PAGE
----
• Home
  • What Could we do Better?
  • Instituting a Management Improvement Culture in Your Organization
  • Find the Root Cause Instead of the Person to Blame
  • Good Process Improvement Practices
  • Management is Prediction
  • The Purpose of an Organization
  • Performance Without Appraisal
  • Manufacturing and the Economy
  • Practical Ways to Respect People
  • 10 stocks for 10 years
  • Deming and Toyota
  • Curious Cat Management Improvement Articles
  • John Hunter
  • Institute for Healthcare Improvement
  • Superfactory
  • Management Improvement Jobs
  • Deming on Management
  • Management and Leadership Quotes

    I am now using this blog to re-post some comments I make other blogs. For my full management blog see the Curious Cat Management Blog

    Tuesday, October 05, 2010

    Work on System Improvements for Best Results Not Problems with Individuals

    The Deification of Deming

    When people discuss how best to change an organization, Lean proponents will invariably cite Deming and argue that since he has shown that 94% of the potential for improvement is in the system there is little point in working with organizational culture.
    If lean is ever going to become more mainstream people must start treating it less as a religion with its own gods and more as a collection of insights that have to be carefully tailored to the context you are working in.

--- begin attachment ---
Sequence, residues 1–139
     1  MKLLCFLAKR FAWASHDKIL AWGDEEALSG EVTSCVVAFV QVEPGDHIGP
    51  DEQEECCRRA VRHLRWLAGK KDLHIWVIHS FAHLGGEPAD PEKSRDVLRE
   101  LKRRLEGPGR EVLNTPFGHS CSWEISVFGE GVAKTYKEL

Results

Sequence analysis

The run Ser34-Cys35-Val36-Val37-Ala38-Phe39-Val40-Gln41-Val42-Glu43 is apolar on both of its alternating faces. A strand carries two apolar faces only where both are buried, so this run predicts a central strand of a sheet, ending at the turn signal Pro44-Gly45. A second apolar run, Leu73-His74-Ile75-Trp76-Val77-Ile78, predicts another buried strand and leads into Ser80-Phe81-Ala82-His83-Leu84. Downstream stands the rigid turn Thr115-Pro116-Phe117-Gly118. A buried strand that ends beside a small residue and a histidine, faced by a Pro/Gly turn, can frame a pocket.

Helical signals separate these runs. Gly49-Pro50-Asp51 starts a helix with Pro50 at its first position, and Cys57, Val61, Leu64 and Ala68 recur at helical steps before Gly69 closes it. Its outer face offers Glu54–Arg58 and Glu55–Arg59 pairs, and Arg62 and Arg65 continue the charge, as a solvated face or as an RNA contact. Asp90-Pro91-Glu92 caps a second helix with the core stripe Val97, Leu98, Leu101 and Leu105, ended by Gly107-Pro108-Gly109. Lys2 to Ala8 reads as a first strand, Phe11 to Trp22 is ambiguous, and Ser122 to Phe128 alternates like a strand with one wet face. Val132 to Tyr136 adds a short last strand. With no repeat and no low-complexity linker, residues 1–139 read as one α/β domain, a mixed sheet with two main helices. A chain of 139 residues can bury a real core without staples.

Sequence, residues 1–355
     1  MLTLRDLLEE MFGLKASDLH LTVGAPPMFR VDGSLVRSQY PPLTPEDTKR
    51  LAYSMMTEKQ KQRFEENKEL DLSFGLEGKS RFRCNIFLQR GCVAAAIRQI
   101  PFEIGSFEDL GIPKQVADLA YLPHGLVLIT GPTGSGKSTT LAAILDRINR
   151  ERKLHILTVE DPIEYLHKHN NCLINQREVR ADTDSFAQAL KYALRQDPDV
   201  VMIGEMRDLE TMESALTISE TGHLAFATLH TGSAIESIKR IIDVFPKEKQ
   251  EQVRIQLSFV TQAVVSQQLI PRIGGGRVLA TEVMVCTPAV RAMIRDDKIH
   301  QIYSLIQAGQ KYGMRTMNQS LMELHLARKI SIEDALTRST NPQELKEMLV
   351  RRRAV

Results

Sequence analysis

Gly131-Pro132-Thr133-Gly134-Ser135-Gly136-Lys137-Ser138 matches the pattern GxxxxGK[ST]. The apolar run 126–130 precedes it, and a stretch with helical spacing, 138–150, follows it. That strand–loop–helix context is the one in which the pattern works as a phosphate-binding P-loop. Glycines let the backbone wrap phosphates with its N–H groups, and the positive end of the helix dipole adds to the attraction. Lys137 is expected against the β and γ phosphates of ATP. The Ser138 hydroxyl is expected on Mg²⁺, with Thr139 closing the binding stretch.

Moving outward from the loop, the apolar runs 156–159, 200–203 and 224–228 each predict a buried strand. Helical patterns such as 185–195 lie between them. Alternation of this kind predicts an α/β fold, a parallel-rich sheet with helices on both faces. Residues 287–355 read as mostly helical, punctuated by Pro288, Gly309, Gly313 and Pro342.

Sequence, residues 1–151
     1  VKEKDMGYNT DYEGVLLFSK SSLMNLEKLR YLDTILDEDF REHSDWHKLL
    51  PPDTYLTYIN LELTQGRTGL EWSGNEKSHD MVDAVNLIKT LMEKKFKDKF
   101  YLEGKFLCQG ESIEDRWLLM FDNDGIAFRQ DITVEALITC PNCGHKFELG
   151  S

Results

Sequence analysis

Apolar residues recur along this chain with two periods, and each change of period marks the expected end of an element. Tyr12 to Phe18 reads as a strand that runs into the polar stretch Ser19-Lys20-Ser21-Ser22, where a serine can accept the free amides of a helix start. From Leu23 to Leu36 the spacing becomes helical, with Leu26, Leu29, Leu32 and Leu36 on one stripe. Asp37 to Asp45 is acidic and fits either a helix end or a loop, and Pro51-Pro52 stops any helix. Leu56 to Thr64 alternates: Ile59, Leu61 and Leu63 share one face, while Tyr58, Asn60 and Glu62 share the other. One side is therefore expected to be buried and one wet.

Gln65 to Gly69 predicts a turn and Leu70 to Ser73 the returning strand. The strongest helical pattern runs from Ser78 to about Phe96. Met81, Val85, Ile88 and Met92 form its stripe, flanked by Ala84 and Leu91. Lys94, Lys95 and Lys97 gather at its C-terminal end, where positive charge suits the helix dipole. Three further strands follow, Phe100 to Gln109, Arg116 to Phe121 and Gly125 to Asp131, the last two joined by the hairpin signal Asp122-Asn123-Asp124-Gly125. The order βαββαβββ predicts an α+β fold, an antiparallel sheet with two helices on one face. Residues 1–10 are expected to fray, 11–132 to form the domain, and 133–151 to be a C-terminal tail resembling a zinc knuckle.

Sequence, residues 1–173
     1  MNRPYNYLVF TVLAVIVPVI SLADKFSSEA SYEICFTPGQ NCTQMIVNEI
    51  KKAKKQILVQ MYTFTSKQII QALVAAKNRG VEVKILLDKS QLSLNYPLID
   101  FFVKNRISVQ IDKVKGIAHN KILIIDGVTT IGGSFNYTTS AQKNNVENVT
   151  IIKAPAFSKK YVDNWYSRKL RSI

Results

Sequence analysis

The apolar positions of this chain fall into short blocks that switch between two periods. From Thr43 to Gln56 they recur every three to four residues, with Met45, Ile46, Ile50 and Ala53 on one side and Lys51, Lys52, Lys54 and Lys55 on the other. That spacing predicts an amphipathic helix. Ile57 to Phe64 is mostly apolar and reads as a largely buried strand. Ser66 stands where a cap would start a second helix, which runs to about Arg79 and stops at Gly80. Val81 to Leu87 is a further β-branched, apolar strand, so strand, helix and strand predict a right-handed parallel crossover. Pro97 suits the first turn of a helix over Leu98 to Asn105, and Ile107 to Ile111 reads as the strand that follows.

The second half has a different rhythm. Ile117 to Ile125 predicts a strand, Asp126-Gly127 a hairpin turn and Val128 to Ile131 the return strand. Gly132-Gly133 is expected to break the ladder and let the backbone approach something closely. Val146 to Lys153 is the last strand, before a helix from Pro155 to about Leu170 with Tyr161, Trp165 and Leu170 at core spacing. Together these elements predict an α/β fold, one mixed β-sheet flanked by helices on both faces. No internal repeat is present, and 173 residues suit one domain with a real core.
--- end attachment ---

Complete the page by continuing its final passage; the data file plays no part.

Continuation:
Also "94% of the potential for improvement is in the system there is little point in working with organizational culture" is about the opposite of the point he was making. His point would better be stated that there is little point in working on "problems with individuals."

    Working on "culture" can mean many things. And often it is just a big waste of time. But the reason for that is not due to systemic/common cause versus special causes.

    What Dr. Deming was suggesting is you need to look for systems improvements (which could be cultural - a culture that operates with data based decision making, an understanding of variation...). I think the red bead experiment illustrates the point he was making - any focus on fixing the employees on that system is futile if you don't change the system.

    Related: Blame the Road, Not the Driver - Common cause variation - Deming on Management

    Labels: , , , ,


    Post a Comment

    << Home